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Geforce GTX960 : Maxwell for the masses


The inevitable has happened, after blitzing the high end graphics market with the superlative GTX 970 and its big brother the GTX 980, Nvidia GTX 960 cards are now on store shelves. For most users the mid-range is the sweet spot and predictably these cards sell extremely well. So if you’re keen on the latest budget performance parts, read on for the lowdown.

The GTX 960 is the first midrange card sporting the Maxwell GPU architecture and replaces the aging GTX 760, which has been holding the fort since its release in mid-2013.

The first consideration on whether you want and upgrade along the midrange curve is the feature-set. Maxwell came with a few tricks up its sleeve, including DirectX 12 support, Nvidia Voxel Global Illumination, Multi-Frame sampled AA and Dynamic Super Resolution. None of these features are a reason to buy one of these cards by itself, but it’s nice to know some of the high-tech silicon has made its way down the price range.

The GM206 chip on the GTX 960 has about 43% fewer transistors when compared to the GTX 980 which translates to half as many CUDA cores. That’s not bad when you consider the GTX 980 is a $500+ card and the GTX 960 will retail for about $200, depending on the model. It seems you’d be getting a pretty good deal all things considered. The problem here is the GTX 970, which trades blows with the 980, but only costs about $300 to $350. The GTX 960 isn’t in the same league as this card, but the price gap is relatively tiny. The GTX 960 is about 30% slower than the GTX970 on average, depending on the application. It also takes a big cut in VRAM having only half of the 970’s 4GB. This means that high-resolution textures or other applications that need VRAM might fare much worse on the 960.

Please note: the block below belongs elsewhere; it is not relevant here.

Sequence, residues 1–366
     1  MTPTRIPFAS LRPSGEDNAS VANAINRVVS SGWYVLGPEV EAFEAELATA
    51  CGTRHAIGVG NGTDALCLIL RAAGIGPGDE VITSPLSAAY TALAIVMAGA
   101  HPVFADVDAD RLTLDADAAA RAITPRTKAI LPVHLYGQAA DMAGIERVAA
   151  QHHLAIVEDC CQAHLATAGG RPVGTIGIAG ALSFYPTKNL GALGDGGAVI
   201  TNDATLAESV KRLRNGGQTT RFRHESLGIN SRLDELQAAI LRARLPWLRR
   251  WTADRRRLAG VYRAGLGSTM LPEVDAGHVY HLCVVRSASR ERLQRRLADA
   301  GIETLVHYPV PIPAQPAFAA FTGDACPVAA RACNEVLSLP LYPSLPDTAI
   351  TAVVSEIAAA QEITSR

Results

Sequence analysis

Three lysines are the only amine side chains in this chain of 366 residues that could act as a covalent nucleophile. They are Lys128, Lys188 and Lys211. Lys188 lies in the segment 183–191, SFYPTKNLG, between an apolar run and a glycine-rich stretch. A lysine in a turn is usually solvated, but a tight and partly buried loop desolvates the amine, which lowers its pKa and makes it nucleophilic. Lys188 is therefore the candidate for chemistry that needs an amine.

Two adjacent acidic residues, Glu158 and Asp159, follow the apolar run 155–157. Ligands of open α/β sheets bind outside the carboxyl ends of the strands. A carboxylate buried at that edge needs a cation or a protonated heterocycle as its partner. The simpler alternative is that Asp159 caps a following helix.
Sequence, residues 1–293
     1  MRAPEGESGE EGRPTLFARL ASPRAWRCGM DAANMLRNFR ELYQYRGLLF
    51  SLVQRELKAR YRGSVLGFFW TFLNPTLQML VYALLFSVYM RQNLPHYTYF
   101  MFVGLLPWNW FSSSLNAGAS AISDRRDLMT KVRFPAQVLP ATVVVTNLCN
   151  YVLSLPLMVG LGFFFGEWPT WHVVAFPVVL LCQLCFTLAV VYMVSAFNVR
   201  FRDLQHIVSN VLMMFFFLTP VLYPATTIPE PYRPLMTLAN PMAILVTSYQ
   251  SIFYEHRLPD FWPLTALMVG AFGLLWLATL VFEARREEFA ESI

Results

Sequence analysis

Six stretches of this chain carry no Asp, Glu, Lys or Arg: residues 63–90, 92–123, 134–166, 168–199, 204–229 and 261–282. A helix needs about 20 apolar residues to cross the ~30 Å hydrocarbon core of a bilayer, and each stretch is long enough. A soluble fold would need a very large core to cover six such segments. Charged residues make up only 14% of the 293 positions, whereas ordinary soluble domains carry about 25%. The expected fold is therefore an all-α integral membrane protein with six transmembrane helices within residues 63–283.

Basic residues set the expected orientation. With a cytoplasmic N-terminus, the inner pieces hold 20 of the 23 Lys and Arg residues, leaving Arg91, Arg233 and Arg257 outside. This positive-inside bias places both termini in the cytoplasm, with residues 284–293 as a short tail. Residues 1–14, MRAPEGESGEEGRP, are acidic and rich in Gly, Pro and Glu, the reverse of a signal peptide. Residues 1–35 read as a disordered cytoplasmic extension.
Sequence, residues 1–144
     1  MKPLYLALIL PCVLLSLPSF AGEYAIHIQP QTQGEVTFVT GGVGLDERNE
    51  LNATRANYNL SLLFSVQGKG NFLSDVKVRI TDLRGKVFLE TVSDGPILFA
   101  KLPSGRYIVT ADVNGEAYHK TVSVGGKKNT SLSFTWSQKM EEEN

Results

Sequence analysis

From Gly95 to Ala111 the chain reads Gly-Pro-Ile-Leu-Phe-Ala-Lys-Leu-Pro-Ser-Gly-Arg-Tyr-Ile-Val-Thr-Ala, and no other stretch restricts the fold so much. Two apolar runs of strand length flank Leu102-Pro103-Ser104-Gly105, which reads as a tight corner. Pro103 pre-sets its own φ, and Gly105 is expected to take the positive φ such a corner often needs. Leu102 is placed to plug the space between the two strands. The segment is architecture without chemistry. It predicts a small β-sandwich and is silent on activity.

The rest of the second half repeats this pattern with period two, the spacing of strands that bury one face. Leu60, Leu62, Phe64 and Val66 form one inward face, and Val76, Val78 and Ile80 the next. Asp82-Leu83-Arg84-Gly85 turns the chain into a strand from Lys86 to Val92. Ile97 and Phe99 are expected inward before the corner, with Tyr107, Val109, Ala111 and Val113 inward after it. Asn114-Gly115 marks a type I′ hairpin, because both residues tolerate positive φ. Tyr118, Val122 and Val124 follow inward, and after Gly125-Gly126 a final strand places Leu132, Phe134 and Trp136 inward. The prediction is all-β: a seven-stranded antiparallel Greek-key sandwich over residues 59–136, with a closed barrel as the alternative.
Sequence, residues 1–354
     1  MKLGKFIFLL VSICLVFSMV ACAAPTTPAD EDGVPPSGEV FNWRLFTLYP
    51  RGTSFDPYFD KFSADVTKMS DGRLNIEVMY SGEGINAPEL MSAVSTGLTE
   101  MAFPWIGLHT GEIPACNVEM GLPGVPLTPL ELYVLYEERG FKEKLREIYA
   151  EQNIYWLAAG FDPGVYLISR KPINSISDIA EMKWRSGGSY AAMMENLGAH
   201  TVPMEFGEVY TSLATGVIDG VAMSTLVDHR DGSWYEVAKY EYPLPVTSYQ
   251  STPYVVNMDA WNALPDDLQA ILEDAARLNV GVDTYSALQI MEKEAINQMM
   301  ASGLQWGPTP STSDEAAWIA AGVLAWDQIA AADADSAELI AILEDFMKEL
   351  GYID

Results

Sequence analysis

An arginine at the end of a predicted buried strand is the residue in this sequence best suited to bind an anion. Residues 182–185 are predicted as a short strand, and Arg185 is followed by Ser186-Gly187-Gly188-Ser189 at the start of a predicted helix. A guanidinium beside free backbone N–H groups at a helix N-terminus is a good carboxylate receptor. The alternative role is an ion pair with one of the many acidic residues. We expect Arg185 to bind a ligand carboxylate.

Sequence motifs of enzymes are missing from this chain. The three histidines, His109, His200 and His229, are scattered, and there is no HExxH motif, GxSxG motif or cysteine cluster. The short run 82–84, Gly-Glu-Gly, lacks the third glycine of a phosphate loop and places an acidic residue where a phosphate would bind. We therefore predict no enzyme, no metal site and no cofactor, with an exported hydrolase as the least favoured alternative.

On the AMD side the GTX 960 is neck-and-neck with the Radeon R9 285, there’s almost no choice between these cards, trading blows on different benchmarks.

Things aren’t much better for the 960 when comparing it to the card it replaces. It outperforms the 760, but not by much.

Maxwell was not however about performance. The big shock came when we saw how little power these GPUs used. You could swop one GTX 780 for two 970s without making any difference in PSU requirements. In general under an average gaming or graphics load the GTX 960 uses as much power as a GTX 650 Ti. If you have a machine that currently uses something in the GTX 650 Ti performance class the 960 could be a serious kick in the pants without having to uprate the rest of the system. Many models of 960 are equipped with very quiet coolers indeed and passive cooling is a definite possibility.

Seen from this perspective the GTX 960 is a more palatable deal, but still we find it hard to recommend as long as the GTX 970 exists with that relatively narrow price-gap. Even when you take SLI into consideration it doesn’t make financial sense. When the 960 drops below the $200 mark and gets passive cooling however, it may be the small form factor or HTPC card of choice.